Burnout is not a time management issue for teachers

Teachers have a job that is both impactful and never-ending. Those things are both good and bad.

For many educators, teaching is a calling and something that they find joy in. They can make a difference in the lives of the students they teach, but they can also bring home the stress and overwhelm.

I travel across the county speaking with schools both virtually and live about overcoming burnout and the cycles of stress. I see so many educators carrying the burden of their jobs.

And I don’t like to use the word burden when it comes to educating those we love and care so much about, but sometimes you have to honor the realness of what teachers are enduring.

Teachers feel caught in a cycle of constant stress and overwhelm. Yet, their teacher’s hearts want to keep showing up for students. This profession is very mission-minded, and teachers believe they are meant to impact and influence students in positive ways.

But at the end of the day, they leave their classrooms feeling like it isn’t enough. So, they work nights and weekends. They sit in the bleachers of their own children’s ballgames, grading papers, responding to emails from concerned parents, and addressing student challenges, while cheering on their children.

These professionals bear so many expectations from people on all sides, and it can be emotionally taxing.

Teachers are expected to:

  • Teach the academic standards
  • Meet each student’s unique academic needs
  • Address their social-emotional needs 
  • Make learning exciting. Analyze data. Adjust and create lessons. Integrate technology. The list goes on and on.

The bottom line is they simply don’t have enough time or bandwidth, and it’s wreaking having our educators’ lives. They are managing a workload this is unattainable and unachievable.

And this leads to feelings of defeat that can be uncomfortable, and tough to work through.

Where do these stressors come from?

In some cases, this emotional cycle is due to unreasonable expectations from parents and administrators. But sometimes, it’s a self-imposed burden.

  • 75% of teachers and 84% of school leaders report high levels of stress.

There is a simple reason teacher workloads have become so overwhelming: we expect more from teachers than we used to.

We can always work to change the system, but I know that sometimes the system doesn’t change, or it changes too slowly.

When I work with schools, we work on changing how we operate within the system, and we take back control over the things we do have power over. And that is our thoughts, actions, and behaviors.

These are the three things within our power, and when we can spend time on teachers’ mental health and well-being, we shift to more positive, engaged, productive, and happier teachers.

What can be done to help teachers?

Besides requiring less of teachers, there are a few things that can make a difference in the overwhelm. You can lighten the load – and the tips I’m sharing are things that teachers and administrators can do to potentially lower stress levels.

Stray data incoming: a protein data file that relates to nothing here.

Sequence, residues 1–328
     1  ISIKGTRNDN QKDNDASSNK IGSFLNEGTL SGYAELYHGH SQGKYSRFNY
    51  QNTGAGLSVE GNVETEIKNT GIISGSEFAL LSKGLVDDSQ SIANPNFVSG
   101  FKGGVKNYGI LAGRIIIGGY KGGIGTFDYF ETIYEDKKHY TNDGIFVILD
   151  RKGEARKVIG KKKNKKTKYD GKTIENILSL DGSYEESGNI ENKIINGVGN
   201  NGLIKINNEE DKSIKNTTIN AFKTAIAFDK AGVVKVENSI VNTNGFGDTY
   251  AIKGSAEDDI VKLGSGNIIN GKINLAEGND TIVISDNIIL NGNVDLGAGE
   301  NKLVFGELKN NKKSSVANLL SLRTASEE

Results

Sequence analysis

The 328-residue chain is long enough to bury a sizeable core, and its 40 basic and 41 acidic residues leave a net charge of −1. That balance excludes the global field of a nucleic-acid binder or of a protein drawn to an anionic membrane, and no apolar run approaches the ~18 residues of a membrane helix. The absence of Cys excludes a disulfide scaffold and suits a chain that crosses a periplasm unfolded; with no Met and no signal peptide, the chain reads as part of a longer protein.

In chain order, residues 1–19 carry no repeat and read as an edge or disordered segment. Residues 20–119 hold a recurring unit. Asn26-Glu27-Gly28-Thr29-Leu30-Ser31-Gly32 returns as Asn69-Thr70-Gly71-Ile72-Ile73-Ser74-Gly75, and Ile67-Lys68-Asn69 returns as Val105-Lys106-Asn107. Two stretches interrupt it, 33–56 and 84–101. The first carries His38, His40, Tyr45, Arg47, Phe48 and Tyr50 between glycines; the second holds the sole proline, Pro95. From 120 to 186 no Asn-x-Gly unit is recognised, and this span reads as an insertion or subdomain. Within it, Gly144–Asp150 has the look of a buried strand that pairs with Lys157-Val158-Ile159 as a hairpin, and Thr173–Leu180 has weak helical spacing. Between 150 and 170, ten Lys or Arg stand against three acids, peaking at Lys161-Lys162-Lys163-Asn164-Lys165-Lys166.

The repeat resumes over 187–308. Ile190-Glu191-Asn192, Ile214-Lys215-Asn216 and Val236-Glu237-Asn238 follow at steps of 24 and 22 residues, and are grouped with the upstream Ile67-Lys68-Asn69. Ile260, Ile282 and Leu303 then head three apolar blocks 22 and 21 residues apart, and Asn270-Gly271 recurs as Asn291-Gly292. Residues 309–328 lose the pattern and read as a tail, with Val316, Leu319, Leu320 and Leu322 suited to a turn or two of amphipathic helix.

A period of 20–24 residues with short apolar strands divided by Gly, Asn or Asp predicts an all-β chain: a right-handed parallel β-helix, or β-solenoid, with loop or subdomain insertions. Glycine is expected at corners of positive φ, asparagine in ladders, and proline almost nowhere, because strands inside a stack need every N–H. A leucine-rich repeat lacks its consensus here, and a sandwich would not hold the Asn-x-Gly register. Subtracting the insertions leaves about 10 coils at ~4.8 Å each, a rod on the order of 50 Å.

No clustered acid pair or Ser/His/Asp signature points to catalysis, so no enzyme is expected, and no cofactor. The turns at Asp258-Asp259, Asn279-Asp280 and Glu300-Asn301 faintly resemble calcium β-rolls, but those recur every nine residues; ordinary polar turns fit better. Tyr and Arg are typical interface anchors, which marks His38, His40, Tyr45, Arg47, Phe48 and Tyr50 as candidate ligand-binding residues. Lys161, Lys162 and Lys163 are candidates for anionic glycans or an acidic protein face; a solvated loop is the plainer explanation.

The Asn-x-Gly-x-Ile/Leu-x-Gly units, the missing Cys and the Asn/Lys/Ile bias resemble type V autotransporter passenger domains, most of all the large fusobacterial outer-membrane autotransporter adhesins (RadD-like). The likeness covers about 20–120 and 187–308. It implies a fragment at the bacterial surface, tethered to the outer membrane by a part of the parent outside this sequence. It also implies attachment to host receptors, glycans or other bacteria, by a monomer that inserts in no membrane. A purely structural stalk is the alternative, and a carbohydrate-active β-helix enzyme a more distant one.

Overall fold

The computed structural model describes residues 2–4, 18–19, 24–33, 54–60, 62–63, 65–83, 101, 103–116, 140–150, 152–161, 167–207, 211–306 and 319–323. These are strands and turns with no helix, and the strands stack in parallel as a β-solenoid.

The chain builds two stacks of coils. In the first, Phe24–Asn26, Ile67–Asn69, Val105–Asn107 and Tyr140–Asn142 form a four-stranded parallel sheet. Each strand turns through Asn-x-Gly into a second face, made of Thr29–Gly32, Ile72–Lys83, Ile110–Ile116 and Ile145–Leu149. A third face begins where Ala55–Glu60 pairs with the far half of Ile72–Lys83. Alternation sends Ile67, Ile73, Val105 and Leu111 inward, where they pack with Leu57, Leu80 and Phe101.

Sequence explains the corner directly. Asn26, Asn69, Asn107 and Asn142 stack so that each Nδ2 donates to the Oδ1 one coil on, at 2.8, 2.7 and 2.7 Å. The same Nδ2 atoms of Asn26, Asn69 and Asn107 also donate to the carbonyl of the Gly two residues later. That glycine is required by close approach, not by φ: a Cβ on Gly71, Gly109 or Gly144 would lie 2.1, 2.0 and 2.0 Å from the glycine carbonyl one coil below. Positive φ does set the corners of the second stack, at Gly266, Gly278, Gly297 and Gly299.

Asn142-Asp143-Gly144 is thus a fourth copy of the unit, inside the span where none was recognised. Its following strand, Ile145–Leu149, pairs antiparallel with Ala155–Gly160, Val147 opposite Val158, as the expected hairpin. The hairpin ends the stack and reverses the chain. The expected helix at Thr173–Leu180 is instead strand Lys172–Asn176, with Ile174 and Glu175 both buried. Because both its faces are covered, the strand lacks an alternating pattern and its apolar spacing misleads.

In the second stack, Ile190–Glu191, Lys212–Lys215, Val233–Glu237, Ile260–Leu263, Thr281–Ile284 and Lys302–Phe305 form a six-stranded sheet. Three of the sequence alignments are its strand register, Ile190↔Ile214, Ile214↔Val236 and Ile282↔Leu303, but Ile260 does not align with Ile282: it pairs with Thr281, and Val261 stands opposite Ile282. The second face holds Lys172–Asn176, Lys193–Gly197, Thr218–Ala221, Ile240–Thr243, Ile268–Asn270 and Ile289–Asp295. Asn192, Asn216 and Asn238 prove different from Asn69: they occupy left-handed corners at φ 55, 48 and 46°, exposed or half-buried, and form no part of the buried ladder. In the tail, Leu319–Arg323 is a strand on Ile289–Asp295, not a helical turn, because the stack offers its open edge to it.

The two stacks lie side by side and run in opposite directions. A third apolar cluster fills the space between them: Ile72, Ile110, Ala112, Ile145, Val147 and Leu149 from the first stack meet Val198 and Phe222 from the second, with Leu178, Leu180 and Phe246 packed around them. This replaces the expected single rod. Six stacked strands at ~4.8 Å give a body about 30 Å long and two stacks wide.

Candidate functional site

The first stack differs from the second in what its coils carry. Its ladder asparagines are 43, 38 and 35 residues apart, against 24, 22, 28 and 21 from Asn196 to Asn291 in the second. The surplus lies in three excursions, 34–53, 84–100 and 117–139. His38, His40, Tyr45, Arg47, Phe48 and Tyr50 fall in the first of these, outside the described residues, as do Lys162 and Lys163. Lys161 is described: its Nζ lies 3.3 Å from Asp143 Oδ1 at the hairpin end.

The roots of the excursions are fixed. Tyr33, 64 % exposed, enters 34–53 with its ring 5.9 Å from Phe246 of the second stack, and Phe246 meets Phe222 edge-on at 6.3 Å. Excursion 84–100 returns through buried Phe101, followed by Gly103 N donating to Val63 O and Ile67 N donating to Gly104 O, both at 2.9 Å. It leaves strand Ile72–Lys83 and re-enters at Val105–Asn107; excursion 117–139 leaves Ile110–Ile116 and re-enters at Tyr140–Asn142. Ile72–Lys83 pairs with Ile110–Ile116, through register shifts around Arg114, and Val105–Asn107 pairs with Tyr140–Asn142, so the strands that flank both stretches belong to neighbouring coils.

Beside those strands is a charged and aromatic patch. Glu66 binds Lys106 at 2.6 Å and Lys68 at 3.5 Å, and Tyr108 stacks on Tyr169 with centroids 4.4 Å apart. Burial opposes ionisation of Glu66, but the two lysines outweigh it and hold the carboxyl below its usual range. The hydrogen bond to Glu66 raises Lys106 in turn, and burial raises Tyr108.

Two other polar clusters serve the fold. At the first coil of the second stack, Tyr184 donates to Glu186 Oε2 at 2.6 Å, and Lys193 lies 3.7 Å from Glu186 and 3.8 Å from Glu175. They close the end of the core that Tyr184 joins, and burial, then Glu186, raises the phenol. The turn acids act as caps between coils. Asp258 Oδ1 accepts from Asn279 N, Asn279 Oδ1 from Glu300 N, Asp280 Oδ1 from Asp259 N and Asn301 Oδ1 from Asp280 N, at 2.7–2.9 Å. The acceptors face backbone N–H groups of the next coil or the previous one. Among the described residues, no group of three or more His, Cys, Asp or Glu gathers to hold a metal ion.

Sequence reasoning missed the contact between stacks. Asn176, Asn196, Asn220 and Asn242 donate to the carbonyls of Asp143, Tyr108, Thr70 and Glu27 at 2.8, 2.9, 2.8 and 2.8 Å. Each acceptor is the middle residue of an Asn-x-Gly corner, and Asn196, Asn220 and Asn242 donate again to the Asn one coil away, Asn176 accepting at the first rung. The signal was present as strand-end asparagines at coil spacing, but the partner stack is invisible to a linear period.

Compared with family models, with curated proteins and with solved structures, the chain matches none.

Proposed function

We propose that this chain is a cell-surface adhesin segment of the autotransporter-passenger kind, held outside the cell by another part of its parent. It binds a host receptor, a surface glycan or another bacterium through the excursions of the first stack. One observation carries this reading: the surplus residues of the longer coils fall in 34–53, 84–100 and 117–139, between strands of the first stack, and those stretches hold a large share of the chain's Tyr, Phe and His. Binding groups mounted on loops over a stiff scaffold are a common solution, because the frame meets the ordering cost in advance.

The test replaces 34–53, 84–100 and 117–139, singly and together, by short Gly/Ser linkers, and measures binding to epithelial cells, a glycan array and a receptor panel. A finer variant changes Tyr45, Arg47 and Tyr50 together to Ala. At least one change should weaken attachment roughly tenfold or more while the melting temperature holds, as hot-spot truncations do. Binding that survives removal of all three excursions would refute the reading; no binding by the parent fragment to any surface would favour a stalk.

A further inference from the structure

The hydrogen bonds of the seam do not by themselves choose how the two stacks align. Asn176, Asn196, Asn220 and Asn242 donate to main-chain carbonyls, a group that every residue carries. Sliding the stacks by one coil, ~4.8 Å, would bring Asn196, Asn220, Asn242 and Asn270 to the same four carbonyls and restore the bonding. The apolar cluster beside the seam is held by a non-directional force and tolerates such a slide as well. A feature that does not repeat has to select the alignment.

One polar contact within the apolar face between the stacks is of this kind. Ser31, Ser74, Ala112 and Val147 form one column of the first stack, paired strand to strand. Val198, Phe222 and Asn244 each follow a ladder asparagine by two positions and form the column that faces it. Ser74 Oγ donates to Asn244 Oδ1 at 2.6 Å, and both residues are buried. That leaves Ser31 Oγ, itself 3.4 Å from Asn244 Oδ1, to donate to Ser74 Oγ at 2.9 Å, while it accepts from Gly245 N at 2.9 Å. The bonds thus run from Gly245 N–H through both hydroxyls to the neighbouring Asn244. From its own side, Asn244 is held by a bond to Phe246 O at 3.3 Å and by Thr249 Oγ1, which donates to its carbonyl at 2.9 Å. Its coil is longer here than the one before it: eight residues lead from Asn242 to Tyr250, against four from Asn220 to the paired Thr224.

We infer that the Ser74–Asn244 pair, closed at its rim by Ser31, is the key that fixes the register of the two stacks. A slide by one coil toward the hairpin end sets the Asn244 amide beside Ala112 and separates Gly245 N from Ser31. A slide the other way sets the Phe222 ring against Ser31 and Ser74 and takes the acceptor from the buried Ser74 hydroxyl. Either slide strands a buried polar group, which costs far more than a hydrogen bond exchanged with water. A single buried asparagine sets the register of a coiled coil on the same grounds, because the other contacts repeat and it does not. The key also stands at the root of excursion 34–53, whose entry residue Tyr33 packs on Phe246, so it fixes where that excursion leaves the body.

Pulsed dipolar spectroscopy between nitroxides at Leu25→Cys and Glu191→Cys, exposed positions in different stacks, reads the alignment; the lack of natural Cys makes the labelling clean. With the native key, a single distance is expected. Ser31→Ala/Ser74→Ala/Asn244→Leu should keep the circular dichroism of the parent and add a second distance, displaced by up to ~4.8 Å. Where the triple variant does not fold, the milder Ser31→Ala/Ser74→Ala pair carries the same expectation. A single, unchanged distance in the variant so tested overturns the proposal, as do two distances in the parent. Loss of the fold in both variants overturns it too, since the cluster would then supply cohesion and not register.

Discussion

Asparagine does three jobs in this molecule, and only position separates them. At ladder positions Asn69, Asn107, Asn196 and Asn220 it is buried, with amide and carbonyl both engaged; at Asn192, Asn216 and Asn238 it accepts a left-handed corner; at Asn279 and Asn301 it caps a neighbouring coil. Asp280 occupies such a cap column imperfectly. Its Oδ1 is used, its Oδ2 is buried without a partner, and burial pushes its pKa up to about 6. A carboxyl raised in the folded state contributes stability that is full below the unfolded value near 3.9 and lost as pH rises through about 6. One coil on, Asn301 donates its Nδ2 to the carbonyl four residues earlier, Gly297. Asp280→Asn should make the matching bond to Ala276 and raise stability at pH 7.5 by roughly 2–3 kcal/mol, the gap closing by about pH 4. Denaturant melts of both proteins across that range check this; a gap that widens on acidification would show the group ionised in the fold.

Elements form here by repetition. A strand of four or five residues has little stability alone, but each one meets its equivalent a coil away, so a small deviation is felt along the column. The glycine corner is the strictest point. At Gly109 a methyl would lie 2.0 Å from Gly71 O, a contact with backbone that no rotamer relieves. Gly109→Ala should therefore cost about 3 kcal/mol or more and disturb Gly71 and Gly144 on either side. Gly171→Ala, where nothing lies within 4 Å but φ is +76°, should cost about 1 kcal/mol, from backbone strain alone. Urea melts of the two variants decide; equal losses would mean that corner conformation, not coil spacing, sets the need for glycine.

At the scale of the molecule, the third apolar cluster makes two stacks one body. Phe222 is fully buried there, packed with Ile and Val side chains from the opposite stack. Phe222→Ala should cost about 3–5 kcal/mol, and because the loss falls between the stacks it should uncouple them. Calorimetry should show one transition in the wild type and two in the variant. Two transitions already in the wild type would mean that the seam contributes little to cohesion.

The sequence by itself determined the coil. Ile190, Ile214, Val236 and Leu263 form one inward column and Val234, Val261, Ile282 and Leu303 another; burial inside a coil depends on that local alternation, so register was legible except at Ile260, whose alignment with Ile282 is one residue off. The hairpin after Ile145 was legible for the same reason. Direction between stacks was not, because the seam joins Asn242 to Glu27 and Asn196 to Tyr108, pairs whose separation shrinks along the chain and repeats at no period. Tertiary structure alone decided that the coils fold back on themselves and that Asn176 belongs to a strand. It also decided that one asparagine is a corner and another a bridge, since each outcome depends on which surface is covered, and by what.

How can teachers improve the situation?

1.       Consider assigning fewer worksheets and quizzes

I know that every school has requirements for what they expect to see from their teachers, but if possible, consider assigning fewer pieces of work. Consider the projects not because there’s a hole in the schedule, but for the impact it could make on a student academically. Worksheets, problem sets, projects and quizzes all eventually end up back on a teacher’s desk. It might help to consider the motivation behind assigning work: Is it an assignment with the purpose of keeping students quiet and busy, or is it a project that is truly important and impactful?

2.       Delegate responsibilities where possible

If there’s something students can do that you don’t have to do – like passing out supplies, managing the flow charts, or ensuring computers or supplies are returned to their assigned space at the end of the day – give your students the responsibility. This may help them feel more confident and like they’ve achieved something, and it’ll help to free you up to concentrate on the things that only you as the teacher can do.

A few tips for administrators to address teacher burnout

Administrators can help their teachers to avoid burnout too  – and the answer isn’t better time management. Instead, try these things.

1.       Reconsider what you require of teachers.

Along with the things that teachers can do to lighten their workload, administrators can do the same thing. Is each of the things you’ve asked of your teachers really necessary? Would the world end if one or two of those things didn’t happen?

2.       Encourage professional development, especially for new teachers.

Especially for new teachers, sometimes the transition from “student learning to teach” to “teacher with their own students” can be a lot to manage. Professional development helps to give them more tools and to connect with others who are in the same space.

3.       Make sure teachers know you support them.

This may have a bigger impact than you realize.  The teacher-administrator relationship is a powerful one that can help teachers feel more positive about the job they’re doing, and research shows it can improve the entire school’s culture. Staff members may benefit from knowing that you have an open-door policy and are there to hear them out, and help with issues.

If you’re interested in learning more about how you can help teachers reduce the potential of burning out and help them keep enjoying the job they love, you might consider my most popular virtual or live keynote

The Science of Happiness keynote is by far my most popular one. I’ve given this particular keynote over a hundred times all across the county this year. Teachers leave it feeling motivated and inspired to head back into their classrooms. 

Subscribe to our blog today!